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The crystal structures of two solid phases of the title compound, C4H5N2 +·C6HCl2O4 −·H2O, have been determined at 225 and 120 K. In the high-temperature phase, stable above 198 K, the transition temperature of which has been determined by 35Cl nuclear quadrupole resonance and differential thermal analysis measurements, the three components are held together by O—HO, NHO, C—HO and C—HCl hydrogen bonds, forming a centrosymmetric 2+2+2 aggregate. In the NHO hydrogen bond formed between the pyrimidin-1-ium cation and the water molecule, the H atom is disordered over two positions, resulting in two states, viz. pyrimidin-1-ium–water and pyrimidine–oxonium. In the low-temperature phase, the title compound crystallizes in the same monoclinic space group and has a similar molecular packing, but the 2+2+2 aggregate loses the centrosymmetry, resulting in a doubling of the unit cell and two crystallographically independent molecules for each component in the asymmetric unit. The H atom in one NHO hydrogen bond between the pyrimidin-1-ium cation and the water molecule is disordered, while the H atom in the other hydrogen bond is found to be ordered at the N-atom site with a long N—H distance [1.10 (3) Å].
The crystal structures of diazine (pyridazine, pyrimidine or pyrazine)–chloranilic acid (2,5-dichloro-3,6-dihydroxy-1,4-benzoquinone) (2/1) systems have been determined at room temperature (Ishida & Kashino, 1999a ,b ) and recently re-determined at 110 K for the pyridazine and pyrazine compounds (Gotoh et al., 2008 ). In each compound, the diazine and chloranilic acid molecules are connected by strong NHO hydrogen bonds [NO = 2.582 (3), 2.615 (2) and 2.590 (4) Å for the pyridazine, pyrimidine and pyrazine compounds, respectively, at room temperature] to afford a centrosymmetric 2:1 unit. H-atom motions attributable to dynamically disordered H atoms in these hydrogen bonds have been detected by 1H NMR and 35Cl nuclear quadrupole resonance (NQR) measurements for the pyridazine compound (Nihei et al., 2000a ), the pyrimidine compound (Ikeda et al., 2005 ) and the pyrazine compound (Nihei et al., 2000b ). Recently, measurements of 14N NQR and multi-temperature X-ray diffraction were made for the pyridazine compound and the temperature dependence of the population ratio of two disordered sites of the H atom in the NHO hydrogen bond, i.e. H-atom migration was determined (Seliger et al., 2009 ). On the other hand, in the crystal structures of pyridazine–chloranilic acid (1/1) (Gotoh & Ishida, 2008 ) and pyrazine–chloranilic acid (1/1) (Ishida & Kashino, 1999c ), such short hydrogen bonds have not been observed. The hydrogen bonds between the base and the acid are fairly long [NO = 2.6138 (13)–2.6621 (13) and 2.719 (3) Å for the pyridazine and pyrazine compounds, respectively] and the H atoms are ordered.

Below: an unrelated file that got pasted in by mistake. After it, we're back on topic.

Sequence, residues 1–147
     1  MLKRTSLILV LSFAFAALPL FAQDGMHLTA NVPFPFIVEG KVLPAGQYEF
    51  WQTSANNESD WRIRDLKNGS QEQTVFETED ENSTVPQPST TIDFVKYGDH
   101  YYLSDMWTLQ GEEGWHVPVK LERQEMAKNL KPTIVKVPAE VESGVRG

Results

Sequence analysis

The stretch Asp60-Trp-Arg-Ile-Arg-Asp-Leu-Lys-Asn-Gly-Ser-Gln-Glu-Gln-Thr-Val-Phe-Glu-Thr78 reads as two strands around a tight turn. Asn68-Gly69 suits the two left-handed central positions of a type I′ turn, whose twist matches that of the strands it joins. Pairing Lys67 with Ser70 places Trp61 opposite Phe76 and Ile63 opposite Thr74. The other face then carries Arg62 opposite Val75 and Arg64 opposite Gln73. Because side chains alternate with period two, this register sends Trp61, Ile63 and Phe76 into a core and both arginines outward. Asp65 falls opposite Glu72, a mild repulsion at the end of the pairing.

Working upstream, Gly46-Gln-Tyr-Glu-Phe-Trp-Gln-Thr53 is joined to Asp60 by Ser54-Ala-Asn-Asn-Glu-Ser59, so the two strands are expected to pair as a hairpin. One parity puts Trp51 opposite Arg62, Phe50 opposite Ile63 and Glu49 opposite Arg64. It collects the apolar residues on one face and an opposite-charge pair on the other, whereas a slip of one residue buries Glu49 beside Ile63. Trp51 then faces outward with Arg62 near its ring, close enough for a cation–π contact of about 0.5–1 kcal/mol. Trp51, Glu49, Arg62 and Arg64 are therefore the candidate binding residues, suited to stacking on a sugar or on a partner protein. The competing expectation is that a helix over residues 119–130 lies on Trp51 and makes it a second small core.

We report here the structures of two solid phases of the title compound, (I), which shows a solid–solid phase transition at about 198 K determined by 35Cl NQR. In the 35Cl NQR measurements in the temperature range 77–328 K, two resonance lines were observed in the high-temperature range above 198 K; the 35Cl NQR frequencies observed at 321 K are 35.973 and 35.449 MHz. Below 198 K, the resonance lines split into four lines (36.565, 36.357, 35.974 and 36.011 MHz at 77 K). This indicates that a phase transition occurs around 198 K, accompanying a change in the number of crystallographically independent Cl atoms, i.e. a change from two independent Cl atoms in the high-temperature phase to four in the low-temperature phase (Armstrong & van Driel, 1975 ). The detailed NQR results are reported elsewhere (Asaji, 2010 ). The phase transition was also detected by differential thermal analysis (DTA) operated in the range 150–295 K, which showed a broad and weak heat anomaly with onset and peak temperatures of 200 (1) and 206 (1) K, respectively, on heating, and 201 (1) and 197 (1) K on cooling.
Fig. 1 shows the asymmetric unit in the high-temperature phase determined at 225 K, where the three components are held together by O—HO, NHO and C—HO hydrogen bonds (Table 1 ). The dihedral angle between the pyrimidine ring (N1/C7/N2/C8–C10) and the anion ring (C1–C6) is 30.43 (6)°. An acid–base interaction involving a proton transfer occurs through the water molecule. The transferred proton is shared by the pyrimidine and water molecules, resulting in two disordered states, viz. pyrimidin-1-ium–water and pyrimidine–oxonium. This disordered feature in the short NHO hydrogen bond [N1O5 = 2.5440 (15) Å] is confirmed in a difference Fourier map (Fig. 2 a), where two distinct peaks are observed between the pyrimidin-1-ium cation and the water molecule. The asymmetric units related by an inversion centre are connected by O—HO and C—HCl hydrogen bonds (Table 1 ), forming a centrosymmetric 2+2+2 aggregate (Fig. 3 ). These aggregates are further connected through an O—HO hydrogen bond between the hydrogen chloranilate anions related by a twofold screw rotation axis (Fig. 4 ).